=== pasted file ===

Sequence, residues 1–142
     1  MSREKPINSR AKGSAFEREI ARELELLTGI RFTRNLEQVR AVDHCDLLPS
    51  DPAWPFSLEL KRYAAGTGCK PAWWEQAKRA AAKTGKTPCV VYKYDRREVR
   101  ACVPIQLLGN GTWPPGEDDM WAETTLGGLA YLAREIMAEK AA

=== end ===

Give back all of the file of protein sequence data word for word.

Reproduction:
Sequence, residues 1–142
     1  MSREKPINSR AKGSAFEREI ARELELLTGI RFTRNLEQVR AVDHCDLLPS
    51  DPAWPFSLEL KRYAAGTGCK PAWWEQAKRA AAKTGKTPCV VYKYDRREVR
   101  ACVPIQLLGN GTWPPGEDDM WAETTLGGLA YLAREIMAEK AA